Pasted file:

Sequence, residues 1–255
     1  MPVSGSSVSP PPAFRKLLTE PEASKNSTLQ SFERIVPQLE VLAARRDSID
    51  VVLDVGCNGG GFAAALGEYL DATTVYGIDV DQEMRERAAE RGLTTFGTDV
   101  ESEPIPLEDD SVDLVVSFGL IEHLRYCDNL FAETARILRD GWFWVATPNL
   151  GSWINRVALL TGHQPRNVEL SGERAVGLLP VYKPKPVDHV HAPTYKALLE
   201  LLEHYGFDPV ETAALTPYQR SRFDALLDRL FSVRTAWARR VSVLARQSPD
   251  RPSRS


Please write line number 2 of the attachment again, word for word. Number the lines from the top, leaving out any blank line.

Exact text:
     1  MPVSGSSVSP PPAFRKLLTE PEASKNSTLQ SFERIVPQLE VLAARRDSID